Thursday, December 07, 2006

Hypertension 20: The New Specialist

I'm not bored, I could write about me all day. But why are you still reading? Is it late? Have you been drinking? I will admit, at times it is difficult for me to understand the blogosphere. Maybe I should have a blogoscomy.

Be that as it may....

An earlier post mentioned the change in prescription medications in November, along with a change in specialists. Here is the whole story.

Specialist #1 was one swell fella. We got along fine, he was knowledgable about the Chinese herbal treatments and approved of them (as long as they continued to work), and he wore the most-in-need-of-a-wash labcoat I'd ever seen. He saw me on October 4, 2006, and felt I needed significantly more medication (sigh) and much more time off work (okay!). I saw him again three weeks later, at the end of October. At which time, we said good-bye because he was moving to Alberta.

Alberta is not a shampoo company, but another province in Canada.

I don't think he moved because of something I said. He was going up in the world, to a University position, and more power to him!

This meant proceeding to another specialist. My family doctor was fine, but I wanted a physician who lived, breathed, ate and was obsessed by Hypertension. Well, okay, also a specialist because my employer would not be all that interested in a family doctor's recommendations. Specialists carry more weight. I knew that from my work.

He recommended, at my request, another specialist, who was in the Adult Cardiac unit of a local hospital. It took several weeks for the appointment, in part because first my family doctor had to make the referral--that is how the system works. Civilians can not just phone up and make the appointment on their own.

The weeks went by. Down to the hospital I went, where I registered and actually was given a white plastic wrist band for while I was there. Then I went up to the unit, waited a relatively short time, and was called into a waiting room. Where, of course, I waited.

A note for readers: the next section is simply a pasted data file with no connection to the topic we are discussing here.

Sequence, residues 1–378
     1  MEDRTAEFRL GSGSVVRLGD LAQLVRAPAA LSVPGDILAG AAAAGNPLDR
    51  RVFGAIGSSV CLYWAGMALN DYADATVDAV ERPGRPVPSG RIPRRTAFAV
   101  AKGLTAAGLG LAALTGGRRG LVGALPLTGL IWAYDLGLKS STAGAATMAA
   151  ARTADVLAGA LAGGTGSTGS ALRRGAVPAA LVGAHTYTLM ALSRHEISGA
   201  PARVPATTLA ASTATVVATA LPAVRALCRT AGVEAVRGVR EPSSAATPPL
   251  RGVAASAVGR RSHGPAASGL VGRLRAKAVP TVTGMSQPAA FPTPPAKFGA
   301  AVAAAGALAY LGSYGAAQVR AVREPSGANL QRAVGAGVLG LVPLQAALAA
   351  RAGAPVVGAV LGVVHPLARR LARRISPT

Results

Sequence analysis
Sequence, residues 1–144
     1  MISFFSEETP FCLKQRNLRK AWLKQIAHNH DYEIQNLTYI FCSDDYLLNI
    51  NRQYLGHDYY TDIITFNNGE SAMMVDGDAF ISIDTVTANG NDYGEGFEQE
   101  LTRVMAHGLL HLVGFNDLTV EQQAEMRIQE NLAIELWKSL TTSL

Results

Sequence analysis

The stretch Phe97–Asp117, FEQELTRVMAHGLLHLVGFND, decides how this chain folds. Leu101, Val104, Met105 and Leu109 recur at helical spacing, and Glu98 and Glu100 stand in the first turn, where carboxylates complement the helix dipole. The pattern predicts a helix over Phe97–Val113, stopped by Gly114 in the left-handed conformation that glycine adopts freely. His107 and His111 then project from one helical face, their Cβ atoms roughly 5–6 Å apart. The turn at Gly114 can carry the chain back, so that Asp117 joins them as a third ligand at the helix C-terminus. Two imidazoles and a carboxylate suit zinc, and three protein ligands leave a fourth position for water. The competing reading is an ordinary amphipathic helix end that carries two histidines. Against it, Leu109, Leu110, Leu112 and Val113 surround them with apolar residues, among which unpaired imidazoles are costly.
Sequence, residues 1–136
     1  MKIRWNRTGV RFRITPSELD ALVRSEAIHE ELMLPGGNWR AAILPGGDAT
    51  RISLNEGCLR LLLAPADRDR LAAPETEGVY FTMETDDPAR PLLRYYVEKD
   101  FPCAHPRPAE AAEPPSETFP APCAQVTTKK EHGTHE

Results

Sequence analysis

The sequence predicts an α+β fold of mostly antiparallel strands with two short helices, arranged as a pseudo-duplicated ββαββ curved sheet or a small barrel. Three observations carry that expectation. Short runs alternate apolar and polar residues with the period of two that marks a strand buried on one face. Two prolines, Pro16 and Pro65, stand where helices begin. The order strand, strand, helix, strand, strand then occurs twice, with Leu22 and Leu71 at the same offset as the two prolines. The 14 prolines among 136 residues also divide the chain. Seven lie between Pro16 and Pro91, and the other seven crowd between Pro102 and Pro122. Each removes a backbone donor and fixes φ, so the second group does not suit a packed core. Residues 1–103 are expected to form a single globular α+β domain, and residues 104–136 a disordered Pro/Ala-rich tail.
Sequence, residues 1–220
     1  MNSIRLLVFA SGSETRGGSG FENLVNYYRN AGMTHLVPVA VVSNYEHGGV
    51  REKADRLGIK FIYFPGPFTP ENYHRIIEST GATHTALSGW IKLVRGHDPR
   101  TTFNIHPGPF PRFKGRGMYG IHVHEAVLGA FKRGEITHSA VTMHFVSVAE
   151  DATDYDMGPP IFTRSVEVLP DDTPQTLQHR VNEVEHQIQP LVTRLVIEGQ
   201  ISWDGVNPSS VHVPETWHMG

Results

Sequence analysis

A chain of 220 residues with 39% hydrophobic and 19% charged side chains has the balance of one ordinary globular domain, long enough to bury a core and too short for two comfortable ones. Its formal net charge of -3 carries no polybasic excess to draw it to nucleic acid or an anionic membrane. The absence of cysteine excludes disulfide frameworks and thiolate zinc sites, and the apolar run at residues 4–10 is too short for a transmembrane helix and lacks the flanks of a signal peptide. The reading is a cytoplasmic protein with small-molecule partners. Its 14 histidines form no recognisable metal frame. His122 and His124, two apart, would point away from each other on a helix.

Not for long. A nurse came in, took my blood pressure, interviewed me, and then said the doctor would come in. A few minuts later, a quite nice student doctor came in. He explained he was a student, or intern, or resident, or at least "not quite" a full doctor. He was very efficient, to the point of being brusque: but very politely brusque. This is Canada, after all. He took my blood pressure again, examined me, asked more questions. Then he explained he would leave, review everything with the specialist, and they would both come back in.

I was absolutely wallowing in attention.

A short time later the student and the specialist came back in. The specialist asked some more questions. He reviewed the side effects which I had mentioned to the nurse and intern. He asked the intern what changes should be made. The intern suggested increasing the Tevetin. The specialist said no, that would increase the negative side effects. It went back and forth like that for a little while. I commented to them it was like being in an episode of "House", and we all had a rather jolly laugh.

Eventually the specialist changed the caduet I had been prescribed, giving me two new prescription drugs instead, adalat and lipitor (which I had heard on from the relentless tv ads). He said the new combination should help with the feelings of weakness. He recommended continuing exercising. Regarding dieting, he had no recommendation to my query about the circular nature of feeling weak so I ate more, except to note the new medications should leave me less weak, so that should certainly help.

He was quite done when I noted to him my last concern. In a couple of months, after continued exercise, dieting and adjusting to yet more new medications, I would return to work. My concern was that the stressful nature of my work would bop up my blood pressure again as soon as I returned. To my surprise--stress and high blood pressure are controversial, at least for employers and their human resource departments--he and the intern completely agreed, and said they would write a letter to my union, recommending I be given less stressful work on my return.

For the first time in a long long time: really good news!

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